In 27 states, tax revenue budgets are expected to drop by 10% or more. According to Barron’s, Burleson noted that cannabis reform has received attention in nine of those states, saying, “We expect budget concerns to prompt resurgent legalization efforts for these and other challenged states.”
This has already happened to some extent. Bipartisan lawmakers in Pennsylvania, New Mexico, and New York have already suggested cannabis legalization as an injection to state budgets. Shifting political winds, The Motley Fool writes, could also change the conversation around federal marijuana legalization.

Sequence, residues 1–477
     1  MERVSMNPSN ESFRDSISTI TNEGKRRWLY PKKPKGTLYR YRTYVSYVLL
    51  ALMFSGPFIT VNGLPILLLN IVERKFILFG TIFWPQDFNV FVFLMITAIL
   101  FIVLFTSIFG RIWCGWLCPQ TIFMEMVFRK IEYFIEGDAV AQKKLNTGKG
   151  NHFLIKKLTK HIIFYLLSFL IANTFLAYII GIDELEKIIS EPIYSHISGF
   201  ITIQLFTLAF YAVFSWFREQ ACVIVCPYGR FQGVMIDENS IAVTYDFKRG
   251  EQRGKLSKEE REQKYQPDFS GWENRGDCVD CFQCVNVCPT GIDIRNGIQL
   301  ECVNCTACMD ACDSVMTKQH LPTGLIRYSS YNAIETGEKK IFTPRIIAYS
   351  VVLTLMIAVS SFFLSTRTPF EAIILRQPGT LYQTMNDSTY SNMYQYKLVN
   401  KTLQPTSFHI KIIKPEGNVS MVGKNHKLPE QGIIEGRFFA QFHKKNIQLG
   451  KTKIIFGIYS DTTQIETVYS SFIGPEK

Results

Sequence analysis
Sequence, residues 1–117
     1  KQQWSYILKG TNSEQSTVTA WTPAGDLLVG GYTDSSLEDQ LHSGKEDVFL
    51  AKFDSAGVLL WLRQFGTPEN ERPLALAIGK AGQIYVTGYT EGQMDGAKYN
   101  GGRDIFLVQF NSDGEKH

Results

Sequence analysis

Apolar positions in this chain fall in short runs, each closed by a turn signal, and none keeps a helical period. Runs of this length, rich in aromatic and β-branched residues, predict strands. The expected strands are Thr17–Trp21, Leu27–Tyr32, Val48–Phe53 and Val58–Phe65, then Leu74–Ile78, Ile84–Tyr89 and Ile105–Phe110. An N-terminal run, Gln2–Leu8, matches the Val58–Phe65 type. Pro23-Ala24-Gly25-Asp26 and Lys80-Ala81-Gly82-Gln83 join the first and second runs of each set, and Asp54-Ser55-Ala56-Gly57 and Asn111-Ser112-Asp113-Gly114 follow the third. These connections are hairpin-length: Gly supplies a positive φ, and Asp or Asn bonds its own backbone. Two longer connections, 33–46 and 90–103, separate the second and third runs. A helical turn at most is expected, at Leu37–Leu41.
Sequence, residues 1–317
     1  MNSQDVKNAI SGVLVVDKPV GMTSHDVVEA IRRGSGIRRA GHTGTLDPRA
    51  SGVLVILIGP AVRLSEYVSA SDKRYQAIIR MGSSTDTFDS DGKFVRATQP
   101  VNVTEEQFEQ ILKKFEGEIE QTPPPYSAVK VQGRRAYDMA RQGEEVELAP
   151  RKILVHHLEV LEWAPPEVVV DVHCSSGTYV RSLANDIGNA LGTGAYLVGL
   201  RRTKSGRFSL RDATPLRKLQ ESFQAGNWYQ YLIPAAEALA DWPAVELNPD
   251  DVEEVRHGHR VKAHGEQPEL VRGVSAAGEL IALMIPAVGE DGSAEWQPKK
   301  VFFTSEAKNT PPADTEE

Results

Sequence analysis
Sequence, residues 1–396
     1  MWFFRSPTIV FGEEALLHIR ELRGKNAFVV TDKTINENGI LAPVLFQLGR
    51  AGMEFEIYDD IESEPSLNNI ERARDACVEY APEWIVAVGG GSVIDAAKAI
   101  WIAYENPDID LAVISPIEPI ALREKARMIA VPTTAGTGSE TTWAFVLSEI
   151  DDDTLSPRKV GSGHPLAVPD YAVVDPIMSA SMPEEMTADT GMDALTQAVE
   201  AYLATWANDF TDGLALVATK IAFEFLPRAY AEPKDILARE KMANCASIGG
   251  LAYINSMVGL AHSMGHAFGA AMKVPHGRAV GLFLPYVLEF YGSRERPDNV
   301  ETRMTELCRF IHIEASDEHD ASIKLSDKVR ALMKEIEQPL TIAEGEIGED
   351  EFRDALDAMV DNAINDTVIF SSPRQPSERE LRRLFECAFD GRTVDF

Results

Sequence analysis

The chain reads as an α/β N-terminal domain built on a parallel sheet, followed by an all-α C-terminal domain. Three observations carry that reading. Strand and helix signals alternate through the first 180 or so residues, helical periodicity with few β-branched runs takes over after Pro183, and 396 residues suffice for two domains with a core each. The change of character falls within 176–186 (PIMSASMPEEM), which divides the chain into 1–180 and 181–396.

Expectations were that Republicans would maintain control of the senate after the 2020 election. But according to RealClearPolitics, five senate seats are currently toss-ups and poll projections show Democrat candidates leading in each race.
“If the Democrats capture the Senate, my prediction is that bills to legalize marijuana at the federal level will easily pass both the Senate and the House (which appears to be safe for Democrats) in 2021,” Motley Fool’s Keith Speights wrote. “I don’t see either Joe Biden or Donald Trump vetoing this legislation, despite the lack of fervor for either candidate on marijuana legalization.”